Golf etiquette mirrors real-world decorum
Reader Daniel Cahill is so right when he suggests that etiquette is vital to maintain the standing of golf (“From the Morning Read inbox,” Jan. 10). Golf should be an example of how to behave in the real world. Repairing divots, and making sure the green is in its best condition as you leave are, of course, part of that courtesy to other players.
However, even if every player does this, there still would be many occasions when the carefully replaced divot has been tossed aside by a crow looking for lunch, and it isn't always possible to tamp down all of your spike marks as you walk off the green, though these are more likely to be soft-spike depressions these days. So, I agree with reader Dave Richner (“From the Morning Read inbox,” Jan. 7) in saying that there should be relief from fairway divots, but only to the extent that you may roll the ball to the nearest point of relief.
The authorities have ducked this one, presumably due to the difficulty of deciding when a divot is or is not a divot, and perhaps what is fairway (and it should only be the fairway of the hole you are playing). But does it matter in anything below the elite-competition level? If my opponent declares every fairway lie to be an old divot mark and rolls the ball away, that's OK with me. His lack of ability and confidence will tell against him eventually.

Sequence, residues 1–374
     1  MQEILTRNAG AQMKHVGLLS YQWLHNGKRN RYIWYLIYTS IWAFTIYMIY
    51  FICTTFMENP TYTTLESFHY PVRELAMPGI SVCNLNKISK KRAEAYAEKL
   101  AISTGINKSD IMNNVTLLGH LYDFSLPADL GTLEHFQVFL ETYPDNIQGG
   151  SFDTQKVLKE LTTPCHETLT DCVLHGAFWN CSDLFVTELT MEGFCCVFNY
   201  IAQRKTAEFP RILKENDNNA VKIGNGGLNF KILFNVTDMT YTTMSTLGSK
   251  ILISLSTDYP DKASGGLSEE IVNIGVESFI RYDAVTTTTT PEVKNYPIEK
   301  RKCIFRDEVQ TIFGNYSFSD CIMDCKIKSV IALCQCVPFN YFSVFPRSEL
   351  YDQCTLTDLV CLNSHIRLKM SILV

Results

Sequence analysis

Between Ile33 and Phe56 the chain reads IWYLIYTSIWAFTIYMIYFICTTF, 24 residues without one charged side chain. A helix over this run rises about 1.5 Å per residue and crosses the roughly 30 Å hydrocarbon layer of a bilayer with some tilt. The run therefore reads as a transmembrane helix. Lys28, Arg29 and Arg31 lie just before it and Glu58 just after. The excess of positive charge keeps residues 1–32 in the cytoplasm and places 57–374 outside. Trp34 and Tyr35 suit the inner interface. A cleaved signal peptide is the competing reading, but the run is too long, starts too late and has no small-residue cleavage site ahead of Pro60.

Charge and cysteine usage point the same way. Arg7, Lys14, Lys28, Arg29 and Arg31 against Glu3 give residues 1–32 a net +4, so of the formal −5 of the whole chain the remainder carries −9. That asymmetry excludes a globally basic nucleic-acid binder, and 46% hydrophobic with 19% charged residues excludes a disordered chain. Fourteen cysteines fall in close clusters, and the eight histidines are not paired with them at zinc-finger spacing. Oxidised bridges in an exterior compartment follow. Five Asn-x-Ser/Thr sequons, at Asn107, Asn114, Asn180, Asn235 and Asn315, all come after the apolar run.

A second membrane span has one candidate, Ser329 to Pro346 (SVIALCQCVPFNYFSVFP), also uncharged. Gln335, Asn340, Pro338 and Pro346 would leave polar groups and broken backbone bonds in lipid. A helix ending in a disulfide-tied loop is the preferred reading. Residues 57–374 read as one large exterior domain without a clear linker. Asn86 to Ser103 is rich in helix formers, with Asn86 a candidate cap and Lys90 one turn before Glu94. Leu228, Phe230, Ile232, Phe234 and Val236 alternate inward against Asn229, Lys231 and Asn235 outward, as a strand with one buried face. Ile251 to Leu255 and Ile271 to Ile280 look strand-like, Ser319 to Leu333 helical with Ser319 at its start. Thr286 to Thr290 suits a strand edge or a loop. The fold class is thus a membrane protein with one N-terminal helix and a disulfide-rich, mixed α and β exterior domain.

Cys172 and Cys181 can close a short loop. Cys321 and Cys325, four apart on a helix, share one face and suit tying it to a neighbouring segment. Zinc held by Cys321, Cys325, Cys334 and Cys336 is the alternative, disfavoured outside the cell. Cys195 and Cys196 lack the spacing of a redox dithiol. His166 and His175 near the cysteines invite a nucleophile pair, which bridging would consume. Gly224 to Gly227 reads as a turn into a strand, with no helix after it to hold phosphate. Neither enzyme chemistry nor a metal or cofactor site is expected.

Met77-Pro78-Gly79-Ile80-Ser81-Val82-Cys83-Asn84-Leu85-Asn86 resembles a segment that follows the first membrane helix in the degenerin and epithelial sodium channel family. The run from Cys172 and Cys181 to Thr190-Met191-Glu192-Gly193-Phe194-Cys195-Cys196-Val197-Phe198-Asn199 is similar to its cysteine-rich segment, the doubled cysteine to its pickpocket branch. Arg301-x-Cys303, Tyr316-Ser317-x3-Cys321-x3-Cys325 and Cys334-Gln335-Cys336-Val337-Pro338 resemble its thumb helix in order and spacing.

I still recall losing a scratch knockout match in the 1980s when, having found my opponent's ball for him in the rough as he had no idea where it had gone, I discovered my ball virtually hidden in a huge divot gouge in the middle of the fairway. I assure Daniel Cahill that there was no level of skill that could have rescued me from that situation. Sadly, that was on the second extra hole of the replay of a match that had been halved the first time – the 38th hole!
Like Cahill, here in England we have been experimenting with leaving the flag in while putting. Strangely, it was a benefit for my fourball opponents Wednesday (twice) as their ball rapped against the stick and dropped. When my ball did the same, it rebounded against the edge of the hole and spun out. I think I'll revert to having the flag out every time. A county champion partner of mine had the flag removed for all chips as well, as he preferred to do without the flukes that went in to avoid the near-perfect ones that bounced away.
Elite amateurs deserve compensation
John Fischer's article on Lucy Li was spot-on (“90 years ago, a precursor to Lucy Li’s case,” Jan. 10).
Eliminate the 1800s notion that “pure” amateur athletes can't be compensated for their athletic feats. Anyone should be allowed to produce income based on who they are and their worth to someone else – whether it be personal appearances, teaching (Bobby Jones) or performing tasks, other than playing their sport.
Stop allowing institutions (i.e., colleges, associations, etc.) exclusive rights to our amateur athletes, and let them benefit financially for their hard work.
Maybe if our athletes were better compensated as amateurs, they wouldn't bolt so quickly to the professional ranks.